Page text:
As mentioned before, TDC wasted their (our) money in asking Parsons Brinckerhoff’s (PB’s) opinion on planning, given that PB conclude “Dunno, ask a pro”. However, they do describe the shambolic background to Manton’s current planning status, and mention in passing some interesting omissions on TDC’s part.
The airfield at Manston does not have “proper” planning permission – it has Certificates of Lawfulness (once known as Lawful Development Certificates or LDCs). These were obtained :
[p13] … by the Ministry of Defence the Ministry of Defence, in anticipation of the transfer of the site from the MoD to new owners who would operate it wholly as a civilian airport. The purpose of the LDCs sought by the MoD was to confirm that the anticipated use of the whole of the land as a civilian airport would be lawful and that it would not require planning permission to undertake the use.
The PB report says that two LDCs were issued in 1998, and another two in 1999, and that all four related to the use of land and buildings, but have no other specified details or conditions/restrictions relating to the operation of the Airport. Mind you, they haven’t actually seen the certificates, so nobody can be sure.
The S106 agreement was negotiated in September 2000, and is what my grandfather would have called “a right royal cock-up”.
It specifies that there will be:
[p14] … no night flying until such time as a night time flying policy has been prepared and lodged with the Council.
Note the wording – “prepared and lodged” – there’s no suggestion that anyone needs to agree to it…
[p14] The schedule sets out that the owners will consult with the Council, who in turn will be allowed time to consult on the proposed policy. It is important to note that the wording of the S106 makes it clear that whilst the Council will be consulted and their views will be assessed, if the airport decides not to adhere to any views or suggestions as to changes to the policy, they are under no obligation to do so.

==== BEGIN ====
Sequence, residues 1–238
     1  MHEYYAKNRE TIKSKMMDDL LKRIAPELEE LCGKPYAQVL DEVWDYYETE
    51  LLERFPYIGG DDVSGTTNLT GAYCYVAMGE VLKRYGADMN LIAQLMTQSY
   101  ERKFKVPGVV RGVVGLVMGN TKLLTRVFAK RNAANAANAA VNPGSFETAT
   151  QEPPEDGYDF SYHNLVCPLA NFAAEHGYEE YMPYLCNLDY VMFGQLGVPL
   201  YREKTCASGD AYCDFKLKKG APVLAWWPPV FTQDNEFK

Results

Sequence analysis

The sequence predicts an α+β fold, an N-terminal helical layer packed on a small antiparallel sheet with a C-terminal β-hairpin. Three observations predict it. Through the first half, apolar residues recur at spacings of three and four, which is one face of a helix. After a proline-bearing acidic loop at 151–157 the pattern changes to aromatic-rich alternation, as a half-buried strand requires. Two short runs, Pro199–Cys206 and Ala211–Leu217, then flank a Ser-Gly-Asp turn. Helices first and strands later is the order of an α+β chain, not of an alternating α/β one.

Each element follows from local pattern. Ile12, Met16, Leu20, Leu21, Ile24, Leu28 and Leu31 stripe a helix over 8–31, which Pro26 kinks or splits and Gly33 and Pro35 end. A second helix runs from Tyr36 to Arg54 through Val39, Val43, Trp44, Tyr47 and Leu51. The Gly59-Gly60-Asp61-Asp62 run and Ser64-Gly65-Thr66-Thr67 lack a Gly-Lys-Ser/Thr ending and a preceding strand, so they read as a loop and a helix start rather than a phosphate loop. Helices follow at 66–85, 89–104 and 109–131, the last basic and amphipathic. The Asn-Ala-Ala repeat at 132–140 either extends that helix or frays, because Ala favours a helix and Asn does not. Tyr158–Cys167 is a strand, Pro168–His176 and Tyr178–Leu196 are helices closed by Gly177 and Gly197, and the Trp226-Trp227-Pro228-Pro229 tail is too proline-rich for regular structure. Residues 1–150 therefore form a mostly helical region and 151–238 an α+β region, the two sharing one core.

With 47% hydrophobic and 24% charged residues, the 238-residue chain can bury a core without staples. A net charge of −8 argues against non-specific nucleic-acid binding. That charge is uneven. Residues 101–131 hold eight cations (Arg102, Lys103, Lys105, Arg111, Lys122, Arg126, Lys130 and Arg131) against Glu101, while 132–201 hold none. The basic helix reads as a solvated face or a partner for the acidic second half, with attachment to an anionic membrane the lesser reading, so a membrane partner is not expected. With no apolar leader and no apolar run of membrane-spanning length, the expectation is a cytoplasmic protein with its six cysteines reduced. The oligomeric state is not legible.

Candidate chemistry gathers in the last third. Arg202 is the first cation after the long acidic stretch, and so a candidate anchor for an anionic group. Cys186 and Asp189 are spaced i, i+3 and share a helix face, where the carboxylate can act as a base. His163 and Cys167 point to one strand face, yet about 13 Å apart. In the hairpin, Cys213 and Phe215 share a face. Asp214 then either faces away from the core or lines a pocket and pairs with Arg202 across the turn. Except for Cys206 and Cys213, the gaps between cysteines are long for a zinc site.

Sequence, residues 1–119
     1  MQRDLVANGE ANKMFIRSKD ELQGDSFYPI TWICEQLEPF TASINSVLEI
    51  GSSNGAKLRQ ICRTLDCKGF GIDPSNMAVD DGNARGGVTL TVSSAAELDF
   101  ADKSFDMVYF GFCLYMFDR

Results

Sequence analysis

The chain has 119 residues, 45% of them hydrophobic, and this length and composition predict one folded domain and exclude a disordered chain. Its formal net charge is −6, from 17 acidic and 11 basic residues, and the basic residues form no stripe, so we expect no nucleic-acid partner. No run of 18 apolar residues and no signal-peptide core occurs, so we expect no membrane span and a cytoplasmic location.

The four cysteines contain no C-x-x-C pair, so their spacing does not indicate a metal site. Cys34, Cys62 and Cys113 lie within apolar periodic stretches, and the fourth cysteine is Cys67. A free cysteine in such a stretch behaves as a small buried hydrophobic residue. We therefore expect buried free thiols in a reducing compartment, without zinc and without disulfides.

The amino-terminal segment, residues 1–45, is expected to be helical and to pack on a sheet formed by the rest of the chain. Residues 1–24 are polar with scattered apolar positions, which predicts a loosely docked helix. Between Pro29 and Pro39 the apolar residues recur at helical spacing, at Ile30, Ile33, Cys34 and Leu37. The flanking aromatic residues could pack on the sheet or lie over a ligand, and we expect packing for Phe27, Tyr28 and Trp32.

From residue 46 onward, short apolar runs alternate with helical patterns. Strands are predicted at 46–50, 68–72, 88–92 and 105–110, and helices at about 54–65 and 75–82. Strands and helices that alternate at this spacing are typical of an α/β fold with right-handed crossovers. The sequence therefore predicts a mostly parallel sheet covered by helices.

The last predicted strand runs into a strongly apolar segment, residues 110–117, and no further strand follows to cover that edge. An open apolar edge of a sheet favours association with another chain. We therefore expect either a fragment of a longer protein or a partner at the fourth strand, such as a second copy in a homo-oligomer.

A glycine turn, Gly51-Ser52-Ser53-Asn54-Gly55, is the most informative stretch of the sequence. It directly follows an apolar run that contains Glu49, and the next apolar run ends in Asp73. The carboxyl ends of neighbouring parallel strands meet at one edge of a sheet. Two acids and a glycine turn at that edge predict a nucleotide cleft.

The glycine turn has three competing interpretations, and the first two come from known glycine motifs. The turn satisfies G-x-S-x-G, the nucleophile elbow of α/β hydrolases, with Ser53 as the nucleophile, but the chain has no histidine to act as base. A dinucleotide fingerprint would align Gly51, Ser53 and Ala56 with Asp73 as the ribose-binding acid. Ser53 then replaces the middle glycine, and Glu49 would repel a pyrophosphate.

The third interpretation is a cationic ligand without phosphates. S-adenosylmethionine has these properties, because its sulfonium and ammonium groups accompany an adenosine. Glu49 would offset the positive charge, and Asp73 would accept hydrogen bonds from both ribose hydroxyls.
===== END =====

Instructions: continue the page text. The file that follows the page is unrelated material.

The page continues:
The PB report spells out the shocking implications:
[p14] In simple terms if the airport owners issue a policy and consult with the Council on it, they can choose to ignore any views set out by the Council and begin carrying out night time flying in accordance with the policy. There is nothing in the S106 of itself that would enable the Council to prevent night time flying in this instance.
This is a demonstration of breath-taking stupidity and negligence on the part of the Council’s negotiators.
Another cause for concern is that TDC did not provide PB with several key documents:
[p13] It should be notes [sic] that in preparing this Report we have not seen copies of the original Certificates, although the Court judgements provided did make extensive reference to them. We have also sought clarification of any other planning permissions or Agreements issued post the Certificates by Thanet Council to confirm whether any such permissions or Agreements place any restrictions or conditions on the activities of the Airport. This clarification is awaited at the time of drafting this Report.
Thus blindfolded by the Council, it is perhaps less surprising that PB couldn’t reach a clear conclusion on the planning status of the airfield and its application for night flights.
Nonetheless, PB do seem to be surprisingly certain about the contents of the LDCs that they haven’t seen:
[p14] The LDCs issued in relation to the airport contain no restrictions on night time flying, so no planning application or variation of condition etc is required to fly at night. Similarly the S106 is written in such a way that the airport is not required to apply through the planning process to undertake night time flying.
In fact, the LDCs do restrict night-time use of the airport, but all this will come out when this goes to the High Court.
TDC have been seeking legal advice – hopefully their barrister will be fully informed of the background. If not, TDC lays itself open to accusations of incompetence and worse.
Next installment: back to the Introduction